In addition to the token economy, Blur’s success also depends on its product model and supporting operations. Blur focuses on the model of bulk selling and bulk buying, supplemented by the newly launched NFT lending platform Blend, forming an NFT trading matrix to increase the liquidity of NFTs.

In comparison, Opensea’s previous functionality was relatively single, only allowing single purchases through tokens, which is not conducive to bulk purchases by large holders. This has led to a significant loss of market share. Can Opensea’s new feature, Deals, reverse the situation and regain its previous position?

Deals is a trading model that differentiates it from other platforms. It uses an interactive combination trading model to solve the liquidity problem of NFTs by facilitating barter-like transactions, reducing the transaction process. What are the advantages of this model?

Taking Blur as an example, its trading model involves bulk selling and bulk buying. Essentially, it follows the steps of traditional transactions, where the buyer pays and receives the goods. The only difference is that it improves convenience from the user’s perspective, but it does not increase the liquidity of NFTs. In contrast, Opensea’s Deals allows buyers to exchange their NFTs with sellers’ NFTs by packaging them with tokens, eliminating the need for buyers to sell their own NFTs separately.

However, the Deals model also has its drawbacks, such as the inefficiency caused by delayed interaction. After the buyer applies, there are no further steps to facilitate the transaction, and they can only wait for the seller’s acceptance or rejection. This process also increases the time cost.

Both Blur’s bulk mode and Deals have different applications. Blur is more suitable for periods of high NFT liquidity during a bull market, as its usage is relatively user-friendly. Deals, on the other hand, are more suitable for bear market phases, where it increases the possibility of transactions in a market with low liquidity.

(By the way, I would like to give a suggestion to Opensea. If they can add a chat window plugin for buyers and sellers, it may increase the possibility of successful Deals transactions.)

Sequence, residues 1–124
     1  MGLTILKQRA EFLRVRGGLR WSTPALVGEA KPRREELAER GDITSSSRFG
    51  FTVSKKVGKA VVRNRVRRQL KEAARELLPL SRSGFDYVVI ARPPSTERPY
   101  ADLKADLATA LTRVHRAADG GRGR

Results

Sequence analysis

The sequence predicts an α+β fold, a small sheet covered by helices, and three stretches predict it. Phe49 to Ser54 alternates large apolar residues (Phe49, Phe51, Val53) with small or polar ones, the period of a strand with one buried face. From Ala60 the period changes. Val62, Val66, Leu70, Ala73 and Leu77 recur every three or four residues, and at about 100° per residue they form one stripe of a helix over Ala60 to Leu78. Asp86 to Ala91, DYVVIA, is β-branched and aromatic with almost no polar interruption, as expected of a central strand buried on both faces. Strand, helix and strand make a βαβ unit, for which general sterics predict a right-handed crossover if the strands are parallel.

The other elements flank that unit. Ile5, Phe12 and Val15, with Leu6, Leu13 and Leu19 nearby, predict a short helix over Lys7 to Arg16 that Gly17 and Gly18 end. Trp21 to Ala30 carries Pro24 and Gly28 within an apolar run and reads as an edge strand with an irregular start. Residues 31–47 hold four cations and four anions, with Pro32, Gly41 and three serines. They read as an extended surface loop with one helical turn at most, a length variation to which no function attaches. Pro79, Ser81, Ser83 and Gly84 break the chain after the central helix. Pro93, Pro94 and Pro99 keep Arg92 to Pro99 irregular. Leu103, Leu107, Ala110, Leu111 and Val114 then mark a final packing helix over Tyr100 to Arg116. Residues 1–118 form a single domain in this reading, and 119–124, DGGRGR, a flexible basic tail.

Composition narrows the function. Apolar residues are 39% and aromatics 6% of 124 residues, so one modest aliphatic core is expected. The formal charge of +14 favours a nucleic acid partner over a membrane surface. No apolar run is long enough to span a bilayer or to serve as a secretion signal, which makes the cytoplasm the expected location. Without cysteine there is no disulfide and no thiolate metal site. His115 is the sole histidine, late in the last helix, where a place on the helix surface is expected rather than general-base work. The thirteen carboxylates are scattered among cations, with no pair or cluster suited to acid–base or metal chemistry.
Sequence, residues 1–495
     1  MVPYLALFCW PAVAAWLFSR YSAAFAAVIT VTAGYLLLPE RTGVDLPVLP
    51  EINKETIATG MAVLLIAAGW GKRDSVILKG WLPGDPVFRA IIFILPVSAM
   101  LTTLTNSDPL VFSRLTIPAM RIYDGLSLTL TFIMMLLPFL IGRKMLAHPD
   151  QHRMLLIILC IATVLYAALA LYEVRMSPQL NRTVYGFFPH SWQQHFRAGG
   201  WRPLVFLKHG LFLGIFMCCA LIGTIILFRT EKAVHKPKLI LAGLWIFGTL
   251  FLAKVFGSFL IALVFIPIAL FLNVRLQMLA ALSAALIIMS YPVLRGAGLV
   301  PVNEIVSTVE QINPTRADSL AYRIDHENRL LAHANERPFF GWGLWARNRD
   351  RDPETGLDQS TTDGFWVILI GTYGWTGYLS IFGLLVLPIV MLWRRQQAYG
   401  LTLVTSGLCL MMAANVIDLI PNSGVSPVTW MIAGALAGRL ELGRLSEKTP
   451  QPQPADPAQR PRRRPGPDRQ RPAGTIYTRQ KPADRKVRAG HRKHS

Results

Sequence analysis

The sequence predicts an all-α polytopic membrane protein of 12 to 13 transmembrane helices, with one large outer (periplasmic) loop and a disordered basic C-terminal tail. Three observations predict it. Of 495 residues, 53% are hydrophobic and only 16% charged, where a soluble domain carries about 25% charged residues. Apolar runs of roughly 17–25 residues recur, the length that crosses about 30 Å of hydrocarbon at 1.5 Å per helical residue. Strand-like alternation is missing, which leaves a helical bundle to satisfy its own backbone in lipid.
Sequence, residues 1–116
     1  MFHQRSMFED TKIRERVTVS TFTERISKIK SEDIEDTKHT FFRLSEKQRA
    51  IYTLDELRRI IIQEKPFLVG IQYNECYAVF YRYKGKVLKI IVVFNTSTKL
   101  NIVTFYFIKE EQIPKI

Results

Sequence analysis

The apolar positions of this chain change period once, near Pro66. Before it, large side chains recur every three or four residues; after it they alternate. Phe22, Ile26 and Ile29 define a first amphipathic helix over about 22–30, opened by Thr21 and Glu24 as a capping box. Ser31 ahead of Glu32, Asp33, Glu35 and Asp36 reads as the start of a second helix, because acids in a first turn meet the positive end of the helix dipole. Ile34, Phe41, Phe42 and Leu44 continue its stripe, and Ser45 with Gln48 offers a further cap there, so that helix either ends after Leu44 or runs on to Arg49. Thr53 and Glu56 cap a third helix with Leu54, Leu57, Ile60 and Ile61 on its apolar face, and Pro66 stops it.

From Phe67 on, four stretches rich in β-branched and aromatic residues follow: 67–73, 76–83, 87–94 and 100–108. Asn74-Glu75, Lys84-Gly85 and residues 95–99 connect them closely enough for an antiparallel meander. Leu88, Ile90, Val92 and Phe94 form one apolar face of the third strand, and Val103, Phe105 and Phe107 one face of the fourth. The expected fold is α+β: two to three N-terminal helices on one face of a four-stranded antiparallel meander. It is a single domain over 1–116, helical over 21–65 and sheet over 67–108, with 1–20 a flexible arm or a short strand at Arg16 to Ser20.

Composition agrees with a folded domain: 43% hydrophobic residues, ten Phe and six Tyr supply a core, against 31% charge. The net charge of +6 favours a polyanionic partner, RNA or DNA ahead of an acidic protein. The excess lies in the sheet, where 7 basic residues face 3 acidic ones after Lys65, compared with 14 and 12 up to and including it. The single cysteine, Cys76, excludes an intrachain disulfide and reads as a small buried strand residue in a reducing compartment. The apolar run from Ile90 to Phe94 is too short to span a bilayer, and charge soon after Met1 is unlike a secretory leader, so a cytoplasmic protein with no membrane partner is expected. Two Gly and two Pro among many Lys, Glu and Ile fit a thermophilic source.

NFT Projects Are Cooling Down, NFT Platforms Are Warming Up

As many NFTs become dust, platforms that primarily focus on NFT trading are also facing challenges. Compared to 2021, the overall trading volume has significantly declined this year. The disadvantages of insufficient NFT liquidity have become more apparent.

However, there is hope as ERC6551, Blur’s Blend lending, and Opensea’s Deals feature emerge one after another, providing new vitality to NFTs in different dimensions:

  • ERC6551, as a new smart contract protocol, can enhance new combinations of NFT gameplay, improving the operability and utility of NFTs at the underlying level (NFT as wallets, NFT as identity). It is suitable for multiple fields, which makes me think of the possibility of combining NFTs and FTs as a whole for sale, such as airdrops for new projects.

  • There are many NFT lending protocols, and Blend, directly integrated with Blur, which currently holds the largest market share, can stimulate the release of NFT liquidity and increase market activity.

  • Opensea’s Deals feature changes the existing NFT trading process by omitting transaction steps. It may be a powerful tool to stimulate the improvement of NFT liquidity, but further observation is still needed.

It is gratifying that practitioners in the industry are still committed to innovation and have not been idle. These small iterations during the bear market may become powerful weapons in the future bull market.